The battle for control of the eastern Ukrainian region of Donbas raged on Sunday as Russian forces tightened their grip around the key cities of Severodonetsk and Lysychansk.
The situation in Lysychansk had become "significantly worse", the regional governor of the Lugansk region, Sergiy Gaiday, said on the messaging service, Telegram.
"A Russian shell fell on a residential building, a girl died and four people were hospitalized," he said.
Meanwhile, on the eastern bank of the Donets river, Russian forces "carried out assault operations in the area of the city of Severodonetsk," according to the Ukrainian general staff.
Fighting was advancing street-by-street in the city, Gaiday said.
More than three months after Moscow invaded its pro-Western neighbor, French President Emmanuel Macron and German Chancellor Olaf Scholz called for "direct serious negotiations" between Russian leader Vladimir Putin and his Ukrainian counterpart Volodymyr Zelensky.
The two European leaders also "insisted on an immediate ceasefire and a withdrawal of Russian troops" in an 80-minute phone call with the Russian leader on Saturday, the German chancellor's office said.
Since failing to capture the capital Kyiv in the early stages of the war, Russia has shifted its focus to the eastern Donbas region as it attempts to consolidate areas under its control.
"The situation is very difficult, especially in those areas in the Donbas and Kharkiv regions, where the Russian army is trying to squeeze at least some result for itself," Zelensky said in his daily address to the nation late Saturday.
Earlier, Russia's defense ministry had said the "town of Krasny Liman (Moscow's name for Lyman) has been entirely liberated from Ukrainian nationalists."
Lyman lies on the road to Kramatorsk and Severodonetsk, which is "now surrounded," according to a police official in Lugansk province cited by Russian state media.
But governor Gaiday insisted that "Severodonetsk has not been cut off.
"There is still the possibility to deliver humanitarian aid," he told Ukrainian television.
In Severodonetsk, where an estimated 15,000 civilians remain, a local official said "constant shelling" made it increasingly difficult to get in or out.
"Evacuation is very unsafe, it's isolated cases when we manage to get people out. Now the priority is for the wounded and people who need serious medical assistance," said Oleksandr Stryuk, head of the city's military and civil administration.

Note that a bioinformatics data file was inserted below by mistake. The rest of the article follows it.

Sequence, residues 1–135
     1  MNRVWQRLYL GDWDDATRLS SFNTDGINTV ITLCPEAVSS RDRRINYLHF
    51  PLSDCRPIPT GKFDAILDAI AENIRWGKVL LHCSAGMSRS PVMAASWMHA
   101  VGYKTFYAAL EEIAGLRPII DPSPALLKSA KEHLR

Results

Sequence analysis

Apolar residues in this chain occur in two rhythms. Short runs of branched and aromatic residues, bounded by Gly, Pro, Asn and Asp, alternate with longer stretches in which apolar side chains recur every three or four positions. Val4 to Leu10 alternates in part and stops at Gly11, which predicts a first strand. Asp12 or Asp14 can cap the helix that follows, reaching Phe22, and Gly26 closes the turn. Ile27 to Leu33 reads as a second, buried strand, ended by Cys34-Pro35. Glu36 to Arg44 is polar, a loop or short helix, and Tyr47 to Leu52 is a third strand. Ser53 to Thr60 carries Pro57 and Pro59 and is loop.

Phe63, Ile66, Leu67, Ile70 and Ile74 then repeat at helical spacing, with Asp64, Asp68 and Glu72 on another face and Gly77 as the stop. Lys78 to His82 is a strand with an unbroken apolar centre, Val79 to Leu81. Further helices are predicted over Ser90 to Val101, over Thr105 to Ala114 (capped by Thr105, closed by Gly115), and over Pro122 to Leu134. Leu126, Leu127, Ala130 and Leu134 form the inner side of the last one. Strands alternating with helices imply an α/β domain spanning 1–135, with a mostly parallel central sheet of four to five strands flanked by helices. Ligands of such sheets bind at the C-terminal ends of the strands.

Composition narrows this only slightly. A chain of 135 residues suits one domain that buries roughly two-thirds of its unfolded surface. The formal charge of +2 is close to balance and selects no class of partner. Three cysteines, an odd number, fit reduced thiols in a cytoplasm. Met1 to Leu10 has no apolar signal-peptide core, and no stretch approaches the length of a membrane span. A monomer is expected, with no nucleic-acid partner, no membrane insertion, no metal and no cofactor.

The water supply was also increasingly unstable, as a lack of electricity meant the pumps at city wells no longer functioned, he said.
Residents had gone more than two weeks without a mobile phone connection, he added.
Governor Gaiday said the sole road link to the outside world was expected to be the focus of continued Russian attacks.
"Next week will be very hard, as Russia puts all its resources into seizing Severodonetsk, or cutting off the (area) from communication with Ukraine," he said.
Putin 'ready' to export grain
In their call with Putin, Scholz and Macron pointed to a looming global food security crisis.
In addition to capturing key ports such as Mariupol, Russia has used its warships to cut off other cities still in Ukrainian hands, blocking grain supplies from being transported out.
Russia and Ukraine supply about 30 percent of the wheat traded on global markets.
Russia has tightened its own exports and Ukraine has vast amounts stuck in storage, driving up prices and reducing availability across the globe.
Putin has repeatedly rejected any responsibility, instead blaming Western sanctions.
But on Saturday, he told Macron and Scholz that Russia was "ready" to look for ways to allow more wheat onto the global market.
"Russia is ready to help find options for the unhindered export of grain, including the export of Ukrainian grain from the Black Sea ports," the Kremlin quoted him as saying.
He also called for the lifting of sanctions to allow "an increase in the supply of Russian fertilizers and agricultural products" to the global market.
Zelensky to speak to EU
Urgent calls by Zelensky for more advanced weaponry from Ukraine's Western allies appear to paying off, with Washington agreeing to send advanced long-range rocket systems, according to US media reports.
Pentagon spokesman John Kirby did not confirm the plans to deliver the M270 Multiple Launch Rocket System, highly mobile equipment capable of firing up to 300 kilometers (186 miles) that Kyiv has said it badly needs.
But he said Washington was "still committed to helping them succeed on the battlefield".
Putin warned Macron and Scholz that ramping up arms supplies to Ukraine would be "dangerous" and risk "further destabilization".
On Sunday, the Russian defense ministry said it had destroyed a Ukrainian armed forces arsenal in the southeastern city of Kryvyi Rih with "long-range high-precision missiles".
Russian forces also targeted a Ukrainian anti-air defense system near Mykolaivka in the Donetsk region, as well as a radar station near Kharkiv and five munitions depots, one of which was close to Severodonetsk.
As Zelensky seeks to ramp up international pressure on Moscow, he will speak to EU leaders at an emergency summit Monday on an embargo on Russian oil.
Agreement is being held up by Hungary, whose Prime Minister Viktor Orban has close relations with Putin.
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